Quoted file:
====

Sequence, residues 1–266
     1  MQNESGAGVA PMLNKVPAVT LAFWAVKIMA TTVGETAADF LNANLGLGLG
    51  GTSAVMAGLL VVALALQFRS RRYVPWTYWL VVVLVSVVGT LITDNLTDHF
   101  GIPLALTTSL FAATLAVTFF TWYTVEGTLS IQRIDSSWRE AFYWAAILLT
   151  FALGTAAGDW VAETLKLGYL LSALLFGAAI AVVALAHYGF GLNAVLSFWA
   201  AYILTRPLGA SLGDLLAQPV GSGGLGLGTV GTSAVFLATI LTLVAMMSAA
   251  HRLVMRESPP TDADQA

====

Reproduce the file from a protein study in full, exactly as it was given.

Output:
Sequence, residues 1–266
     1  MQNESGAGVA PMLNKVPAVT LAFWAVKIMA TTVGETAADF LNANLGLGLG
    51  GTSAVMAGLL VVALALQFRS RRYVPWTYWL VVVLVSVVGT LITDNLTDHF
   101  GIPLALTTSL FAATLAVTFF TWYTVEGTLS IQRIDSSWRE AFYWAAILLT
   151  FALGTAAGDW VAETLKLGYL LSALLFGAAI AVVALAHYGF GLNAVLSFWA
   201  AYILTRPLGA SLGDLLAQPV GSGGLGLGTV GTSAVFLATI LTLVAMMSAA
   251  HRLVMRESPP TDADQA